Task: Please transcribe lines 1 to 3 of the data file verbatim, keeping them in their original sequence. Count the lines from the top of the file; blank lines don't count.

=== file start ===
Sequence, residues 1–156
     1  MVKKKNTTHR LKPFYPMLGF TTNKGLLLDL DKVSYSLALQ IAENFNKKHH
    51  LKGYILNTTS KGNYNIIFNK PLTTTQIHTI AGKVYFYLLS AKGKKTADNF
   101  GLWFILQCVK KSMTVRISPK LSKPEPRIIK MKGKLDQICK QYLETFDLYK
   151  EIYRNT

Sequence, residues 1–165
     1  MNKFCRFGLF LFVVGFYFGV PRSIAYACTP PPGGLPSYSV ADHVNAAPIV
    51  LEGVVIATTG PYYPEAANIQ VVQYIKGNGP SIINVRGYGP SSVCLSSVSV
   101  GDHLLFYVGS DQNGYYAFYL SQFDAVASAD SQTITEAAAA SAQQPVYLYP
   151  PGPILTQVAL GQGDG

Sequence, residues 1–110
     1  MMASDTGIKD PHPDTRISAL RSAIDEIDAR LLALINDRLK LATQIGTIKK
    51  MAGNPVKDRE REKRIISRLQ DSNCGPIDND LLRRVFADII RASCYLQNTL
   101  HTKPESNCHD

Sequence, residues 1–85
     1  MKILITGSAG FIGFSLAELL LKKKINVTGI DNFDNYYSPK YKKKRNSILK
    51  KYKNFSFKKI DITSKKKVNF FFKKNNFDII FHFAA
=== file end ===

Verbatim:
Sequence, residues 1–156
     1  MVKKKNTTHR LKPFYPMLGF TTNKGLLLDL DKVSYSLALQ IAENFNKKHH
    51  LKGYILNTTS KGNYNIIFNK PLTTTQIHTI AGKVYFYLLS AKGKKTADNF